Note that java.decompiler.free.fr won't work anymore, the project is now on jd.benow.ca –  Michael Laffargue Oct 29 '13 at 8:31
    
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closed as off-topic by animuson Jul 18 '13 at 1:24

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9 Answers

up vote 20 down vote accepted

The code that you use to test should test the features available the in JDK used to compile the target class. For example, if you know that your target is written in Java 1.5, it is reasonable to assume that the code might include generics, so you will want to make sure that your chosen decompiler handles them properly. In my experience, the freely available decompilers tend to lag behind the JDK releases in terms of the features they support by 1-2 releases.

Based on personal trial and error, JD tends to do the best job in general. However, if you're decompiling code that was written in 1.3 or lower, I'd also suggest you give JODE a try.

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I have been using http://java.decompiler.free.fr/ for a long time now and found it to be the best one. In particular I used it to decompile a third-party jar and I was able to modify the source code as well with it.

Its easy to use and the UI is also neat and clean.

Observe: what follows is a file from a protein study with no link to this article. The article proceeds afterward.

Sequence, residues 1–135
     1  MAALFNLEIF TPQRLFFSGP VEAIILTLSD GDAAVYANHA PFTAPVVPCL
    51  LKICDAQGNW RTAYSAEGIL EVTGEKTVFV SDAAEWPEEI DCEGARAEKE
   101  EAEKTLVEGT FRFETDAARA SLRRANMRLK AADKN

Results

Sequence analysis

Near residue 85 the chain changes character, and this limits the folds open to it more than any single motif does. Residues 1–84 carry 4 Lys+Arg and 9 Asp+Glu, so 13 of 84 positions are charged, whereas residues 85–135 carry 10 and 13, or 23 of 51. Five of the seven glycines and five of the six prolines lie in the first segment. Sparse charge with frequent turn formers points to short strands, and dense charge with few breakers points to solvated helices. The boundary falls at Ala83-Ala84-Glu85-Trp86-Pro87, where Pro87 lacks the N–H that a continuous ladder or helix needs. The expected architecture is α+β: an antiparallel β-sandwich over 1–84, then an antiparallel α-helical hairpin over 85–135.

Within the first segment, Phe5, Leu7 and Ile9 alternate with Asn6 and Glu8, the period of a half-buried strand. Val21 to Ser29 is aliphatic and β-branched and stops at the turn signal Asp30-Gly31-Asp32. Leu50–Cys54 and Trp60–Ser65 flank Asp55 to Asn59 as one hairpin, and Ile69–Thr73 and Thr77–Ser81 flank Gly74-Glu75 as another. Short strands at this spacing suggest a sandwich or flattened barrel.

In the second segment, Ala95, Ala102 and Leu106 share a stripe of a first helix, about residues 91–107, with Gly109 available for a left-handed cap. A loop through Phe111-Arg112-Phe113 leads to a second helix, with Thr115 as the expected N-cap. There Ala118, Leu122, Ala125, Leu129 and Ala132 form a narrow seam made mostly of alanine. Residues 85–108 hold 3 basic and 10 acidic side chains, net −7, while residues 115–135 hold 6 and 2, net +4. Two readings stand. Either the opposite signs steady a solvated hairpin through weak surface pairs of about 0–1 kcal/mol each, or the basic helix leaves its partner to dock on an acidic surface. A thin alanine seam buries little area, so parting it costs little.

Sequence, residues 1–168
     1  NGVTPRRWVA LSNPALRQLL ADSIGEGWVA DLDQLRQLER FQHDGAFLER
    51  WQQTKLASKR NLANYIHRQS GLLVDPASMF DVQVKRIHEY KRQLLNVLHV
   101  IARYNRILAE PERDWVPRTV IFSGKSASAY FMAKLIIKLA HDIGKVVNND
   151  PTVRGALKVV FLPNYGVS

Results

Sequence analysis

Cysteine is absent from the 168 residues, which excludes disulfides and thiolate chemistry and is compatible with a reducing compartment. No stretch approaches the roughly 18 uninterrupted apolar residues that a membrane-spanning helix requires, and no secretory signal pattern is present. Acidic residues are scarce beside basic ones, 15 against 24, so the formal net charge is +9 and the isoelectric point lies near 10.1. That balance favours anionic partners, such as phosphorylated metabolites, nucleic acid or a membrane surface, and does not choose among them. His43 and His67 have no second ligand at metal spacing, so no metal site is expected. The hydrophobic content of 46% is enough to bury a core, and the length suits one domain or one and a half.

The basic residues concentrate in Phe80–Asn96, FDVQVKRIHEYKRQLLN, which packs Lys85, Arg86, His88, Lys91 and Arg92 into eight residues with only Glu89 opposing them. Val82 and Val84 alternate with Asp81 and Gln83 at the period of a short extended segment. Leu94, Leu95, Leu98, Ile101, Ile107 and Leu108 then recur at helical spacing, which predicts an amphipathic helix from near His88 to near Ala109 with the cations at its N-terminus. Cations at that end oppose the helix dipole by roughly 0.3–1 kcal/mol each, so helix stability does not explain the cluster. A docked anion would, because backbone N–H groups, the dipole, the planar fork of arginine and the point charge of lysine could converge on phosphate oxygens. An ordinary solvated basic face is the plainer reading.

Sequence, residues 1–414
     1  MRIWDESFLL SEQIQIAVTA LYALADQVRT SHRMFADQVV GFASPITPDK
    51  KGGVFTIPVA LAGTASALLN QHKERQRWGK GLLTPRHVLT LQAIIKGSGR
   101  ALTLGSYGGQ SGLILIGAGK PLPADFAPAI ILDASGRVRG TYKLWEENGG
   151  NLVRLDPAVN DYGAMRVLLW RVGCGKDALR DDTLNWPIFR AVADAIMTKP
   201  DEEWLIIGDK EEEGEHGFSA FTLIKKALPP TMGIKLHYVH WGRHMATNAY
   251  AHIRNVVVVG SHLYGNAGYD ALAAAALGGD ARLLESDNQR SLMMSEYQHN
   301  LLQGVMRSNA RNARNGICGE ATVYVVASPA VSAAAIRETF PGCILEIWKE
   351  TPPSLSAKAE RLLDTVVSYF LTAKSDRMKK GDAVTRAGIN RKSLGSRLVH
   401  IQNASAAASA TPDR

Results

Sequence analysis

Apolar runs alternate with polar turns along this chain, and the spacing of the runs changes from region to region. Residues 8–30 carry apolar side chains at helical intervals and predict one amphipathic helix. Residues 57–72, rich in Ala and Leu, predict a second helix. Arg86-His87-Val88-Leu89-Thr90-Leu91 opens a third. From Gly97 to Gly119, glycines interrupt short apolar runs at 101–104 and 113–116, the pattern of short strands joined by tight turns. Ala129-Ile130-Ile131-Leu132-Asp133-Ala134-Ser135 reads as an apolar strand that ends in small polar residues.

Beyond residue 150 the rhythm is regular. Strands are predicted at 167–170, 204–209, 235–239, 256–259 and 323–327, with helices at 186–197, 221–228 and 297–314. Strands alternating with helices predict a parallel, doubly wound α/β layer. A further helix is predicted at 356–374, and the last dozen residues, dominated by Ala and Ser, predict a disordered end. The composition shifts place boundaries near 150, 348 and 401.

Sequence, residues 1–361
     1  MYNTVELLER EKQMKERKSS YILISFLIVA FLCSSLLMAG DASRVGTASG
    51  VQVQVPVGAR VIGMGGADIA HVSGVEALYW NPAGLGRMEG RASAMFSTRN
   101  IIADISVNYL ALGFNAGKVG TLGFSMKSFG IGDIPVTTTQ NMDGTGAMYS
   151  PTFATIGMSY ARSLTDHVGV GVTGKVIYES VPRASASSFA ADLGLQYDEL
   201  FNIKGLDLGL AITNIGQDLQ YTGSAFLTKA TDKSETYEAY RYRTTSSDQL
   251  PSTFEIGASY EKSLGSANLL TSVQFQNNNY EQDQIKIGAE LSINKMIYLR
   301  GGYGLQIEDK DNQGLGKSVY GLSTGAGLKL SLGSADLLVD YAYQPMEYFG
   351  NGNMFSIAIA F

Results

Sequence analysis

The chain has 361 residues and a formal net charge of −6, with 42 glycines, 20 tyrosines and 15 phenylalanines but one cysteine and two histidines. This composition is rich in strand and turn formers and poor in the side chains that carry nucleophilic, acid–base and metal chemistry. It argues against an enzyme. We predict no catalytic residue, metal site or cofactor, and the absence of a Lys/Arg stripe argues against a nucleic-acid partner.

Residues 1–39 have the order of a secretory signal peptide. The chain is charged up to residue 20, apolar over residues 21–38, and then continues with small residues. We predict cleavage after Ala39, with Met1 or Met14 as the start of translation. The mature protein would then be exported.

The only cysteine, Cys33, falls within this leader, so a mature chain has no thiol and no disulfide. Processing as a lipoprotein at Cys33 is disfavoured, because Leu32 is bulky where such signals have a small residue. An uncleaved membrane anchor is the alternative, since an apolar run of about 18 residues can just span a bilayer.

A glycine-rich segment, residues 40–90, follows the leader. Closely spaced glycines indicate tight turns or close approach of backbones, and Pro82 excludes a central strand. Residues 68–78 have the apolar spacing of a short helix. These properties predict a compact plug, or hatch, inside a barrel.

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If you anticipate to get any meaningful results, you really should test with a bit more non-trivial code. Fernflower was created with the aim of handling highly unusual and obfuscated bytecode. Thus decompiling such simple snippets is no big deal. By the way, if you are interested in testing the stand-alone version of Fernflower drop me a note at fernflower(dot)decompiler(at)gmail(dot)com. Version 0.8.4 is now in semi-public beta (however not available on the website yet).

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http://www.reversed-java.com/fernflower/, see my comparison on github.com /vorburger/ScratchApplet

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For information, JD supports switch(enum), switch(string), assert statements and for-each loops.

About the -g(javac) options,

  • if you omit the line numbers, JD can not reconstruct the original flow of instructions : the types of loop can not be determinate, the multiple assigments can not be regenerate, and the algorithm used to realign source code can not work.
  • if you omit the local variable data, JD can not, sometime, determine the exact range of variables. It's problematic.
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Do you mean JD? As in java.decompiler.free.fr ?? If so, I can't find a -g option at all and it doesn't support switch(enum) without it. –  mjaggard Apr 25 '12 at 17:27